I have learned through the years that humans are naturally altruistic, if you are balanced you are giving. Takers are viewed negatively in all societies.
What all this means to me is if you have trust in the people around you, you will allow them to grow and that trust will come back to you. If you respect the norms of the group you will get respect back. To go back to game theory, it becomes a positive sum game – I give you something and I get something back. Giving allows us the psychological security to continue growing (which Google has identified as the key component of their successful teams – the psychological security to try new stuff and grow, and literally change the world in their case)
This trust and respect (altruism, right people for the right “job”, psychological security, intimate relationships) is what we naturally seek. For me that knowledge changes the game. And this is not pop-psych, it is a physical necessity to keep ourselves healthy and alive in a primitive survival sense. It is literally effecting the chemistry in our brain – we seek it out.
So where do we go from here:
We are never going to get away from P&C, indeed as Junger points out, the most benevolent societies internally can also be the nastiest in their external dealings. Case in point are elite military units – SEALS are very tight knit and take care of there own but are fucking killing machines. So this isn’t some flower child theory – the world will happily kill you and keep on going without a care.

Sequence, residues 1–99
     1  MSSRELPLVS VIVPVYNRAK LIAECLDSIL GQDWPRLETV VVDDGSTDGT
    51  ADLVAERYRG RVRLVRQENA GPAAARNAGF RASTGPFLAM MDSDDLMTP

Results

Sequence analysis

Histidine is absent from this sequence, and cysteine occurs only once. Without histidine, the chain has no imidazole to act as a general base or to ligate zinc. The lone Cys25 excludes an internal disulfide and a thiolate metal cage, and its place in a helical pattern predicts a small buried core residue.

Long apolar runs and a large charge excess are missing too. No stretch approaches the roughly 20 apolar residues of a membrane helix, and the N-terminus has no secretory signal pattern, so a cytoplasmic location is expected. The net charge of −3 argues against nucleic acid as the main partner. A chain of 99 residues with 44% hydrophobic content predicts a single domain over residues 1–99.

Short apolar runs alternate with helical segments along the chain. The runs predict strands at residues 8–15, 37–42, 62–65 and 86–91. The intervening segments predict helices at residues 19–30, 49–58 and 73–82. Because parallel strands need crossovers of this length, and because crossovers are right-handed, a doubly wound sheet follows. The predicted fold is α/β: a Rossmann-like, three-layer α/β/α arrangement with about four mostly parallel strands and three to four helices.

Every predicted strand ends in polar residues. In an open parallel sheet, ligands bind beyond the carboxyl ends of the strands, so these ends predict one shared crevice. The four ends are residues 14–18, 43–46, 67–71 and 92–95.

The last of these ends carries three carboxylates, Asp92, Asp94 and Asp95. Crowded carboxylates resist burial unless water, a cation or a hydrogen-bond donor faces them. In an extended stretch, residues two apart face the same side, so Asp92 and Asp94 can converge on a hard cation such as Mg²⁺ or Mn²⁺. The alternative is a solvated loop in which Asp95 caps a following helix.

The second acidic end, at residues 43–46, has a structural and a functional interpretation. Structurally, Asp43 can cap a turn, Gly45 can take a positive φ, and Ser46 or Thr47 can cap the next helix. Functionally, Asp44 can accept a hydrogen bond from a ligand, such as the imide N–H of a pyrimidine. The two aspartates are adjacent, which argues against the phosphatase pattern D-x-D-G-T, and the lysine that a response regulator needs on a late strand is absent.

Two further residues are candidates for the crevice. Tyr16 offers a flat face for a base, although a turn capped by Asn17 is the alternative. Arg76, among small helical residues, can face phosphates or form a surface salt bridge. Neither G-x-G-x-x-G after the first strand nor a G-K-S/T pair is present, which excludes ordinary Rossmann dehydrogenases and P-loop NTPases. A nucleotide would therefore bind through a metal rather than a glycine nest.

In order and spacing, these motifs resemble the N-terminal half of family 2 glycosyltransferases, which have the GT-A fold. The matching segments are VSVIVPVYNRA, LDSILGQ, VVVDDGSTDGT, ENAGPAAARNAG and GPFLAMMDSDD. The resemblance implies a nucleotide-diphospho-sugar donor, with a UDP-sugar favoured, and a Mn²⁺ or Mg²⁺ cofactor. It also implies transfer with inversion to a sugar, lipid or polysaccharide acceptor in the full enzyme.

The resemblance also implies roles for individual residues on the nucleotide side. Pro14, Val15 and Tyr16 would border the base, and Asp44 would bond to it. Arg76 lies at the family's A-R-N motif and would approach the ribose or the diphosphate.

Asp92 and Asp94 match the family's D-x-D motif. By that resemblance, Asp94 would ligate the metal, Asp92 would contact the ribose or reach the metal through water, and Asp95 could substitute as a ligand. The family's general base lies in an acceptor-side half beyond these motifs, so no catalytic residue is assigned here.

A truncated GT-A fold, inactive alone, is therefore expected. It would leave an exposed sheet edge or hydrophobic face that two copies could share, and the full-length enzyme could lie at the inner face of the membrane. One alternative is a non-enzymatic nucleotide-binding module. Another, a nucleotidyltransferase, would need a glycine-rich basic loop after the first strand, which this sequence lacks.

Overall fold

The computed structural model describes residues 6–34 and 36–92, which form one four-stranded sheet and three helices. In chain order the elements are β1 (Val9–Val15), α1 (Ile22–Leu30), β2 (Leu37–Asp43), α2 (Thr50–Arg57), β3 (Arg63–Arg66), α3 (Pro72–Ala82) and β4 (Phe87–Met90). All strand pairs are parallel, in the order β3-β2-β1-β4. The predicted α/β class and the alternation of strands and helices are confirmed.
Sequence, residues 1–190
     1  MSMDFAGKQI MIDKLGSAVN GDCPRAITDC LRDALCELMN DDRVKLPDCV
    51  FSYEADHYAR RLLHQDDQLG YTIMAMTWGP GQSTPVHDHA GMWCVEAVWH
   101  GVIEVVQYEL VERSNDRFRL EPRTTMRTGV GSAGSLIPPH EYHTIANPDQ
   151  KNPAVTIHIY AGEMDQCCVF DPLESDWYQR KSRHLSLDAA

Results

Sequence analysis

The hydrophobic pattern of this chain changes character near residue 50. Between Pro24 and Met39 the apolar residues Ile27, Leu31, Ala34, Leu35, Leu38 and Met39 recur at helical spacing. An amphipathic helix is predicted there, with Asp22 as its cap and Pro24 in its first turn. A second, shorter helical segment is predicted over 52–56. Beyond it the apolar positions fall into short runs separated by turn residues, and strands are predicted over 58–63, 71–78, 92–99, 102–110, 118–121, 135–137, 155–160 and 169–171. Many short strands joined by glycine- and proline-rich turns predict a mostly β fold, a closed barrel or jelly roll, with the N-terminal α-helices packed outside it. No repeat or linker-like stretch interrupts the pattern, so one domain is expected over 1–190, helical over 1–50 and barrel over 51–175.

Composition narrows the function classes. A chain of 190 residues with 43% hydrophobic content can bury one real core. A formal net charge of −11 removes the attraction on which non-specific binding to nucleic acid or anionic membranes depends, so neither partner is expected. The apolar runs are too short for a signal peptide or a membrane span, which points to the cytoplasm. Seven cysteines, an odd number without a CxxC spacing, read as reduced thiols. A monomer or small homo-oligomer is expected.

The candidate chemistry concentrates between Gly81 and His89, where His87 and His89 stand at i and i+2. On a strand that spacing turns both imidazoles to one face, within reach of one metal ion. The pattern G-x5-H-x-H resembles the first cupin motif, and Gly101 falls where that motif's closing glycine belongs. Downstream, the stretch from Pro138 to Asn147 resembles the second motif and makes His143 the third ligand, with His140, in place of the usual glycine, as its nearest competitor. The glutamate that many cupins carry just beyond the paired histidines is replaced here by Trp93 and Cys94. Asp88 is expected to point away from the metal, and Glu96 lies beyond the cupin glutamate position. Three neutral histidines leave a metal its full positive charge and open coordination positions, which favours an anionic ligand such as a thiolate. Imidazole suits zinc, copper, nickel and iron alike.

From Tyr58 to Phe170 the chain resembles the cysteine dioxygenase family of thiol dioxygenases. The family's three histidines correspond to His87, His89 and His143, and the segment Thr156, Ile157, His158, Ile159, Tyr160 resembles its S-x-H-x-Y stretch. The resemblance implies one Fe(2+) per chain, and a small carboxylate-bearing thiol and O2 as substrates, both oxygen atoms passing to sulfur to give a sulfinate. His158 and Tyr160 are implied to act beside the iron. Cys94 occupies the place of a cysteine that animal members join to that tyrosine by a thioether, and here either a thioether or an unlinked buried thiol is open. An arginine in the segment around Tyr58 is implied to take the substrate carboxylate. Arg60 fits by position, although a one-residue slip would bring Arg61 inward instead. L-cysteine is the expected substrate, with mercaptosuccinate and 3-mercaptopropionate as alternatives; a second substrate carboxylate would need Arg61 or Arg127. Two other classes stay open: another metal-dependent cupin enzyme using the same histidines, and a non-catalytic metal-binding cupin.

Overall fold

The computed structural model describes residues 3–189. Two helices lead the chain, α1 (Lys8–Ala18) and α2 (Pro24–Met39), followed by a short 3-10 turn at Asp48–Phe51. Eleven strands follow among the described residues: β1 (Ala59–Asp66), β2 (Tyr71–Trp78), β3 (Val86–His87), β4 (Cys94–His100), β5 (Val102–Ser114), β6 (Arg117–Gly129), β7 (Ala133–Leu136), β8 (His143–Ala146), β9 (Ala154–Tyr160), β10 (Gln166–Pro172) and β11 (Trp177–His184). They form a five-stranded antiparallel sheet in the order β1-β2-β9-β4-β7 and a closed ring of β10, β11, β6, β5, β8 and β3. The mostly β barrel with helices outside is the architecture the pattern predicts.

I think the point is to recognize the internal or local need for Trust and Respect – gotta have it to be mentally healthy; however the greater, global world is based on Power and Control – groups will strangle others to see the fear in their victims and to protect “what is theirs”. That understanding, that knowledge becomes the key for how we go about our business. Build our groups, our workplaces, our families based on Trust and Respect; but understand there is a place where that ends. Doesn’t mean you have to be a dick about it, just understand which situation you are in and act accordingly…
Love to hear your thoughts
Much Love, Homey
PS – Erin, think you are on to something with that elite athlete transition to civilian life. Let me know if you want me to hook you up with my buddy John
Sir William, Buy and read Sebastian Junger’s Tribe, you can bill me for it, call it your birthday present!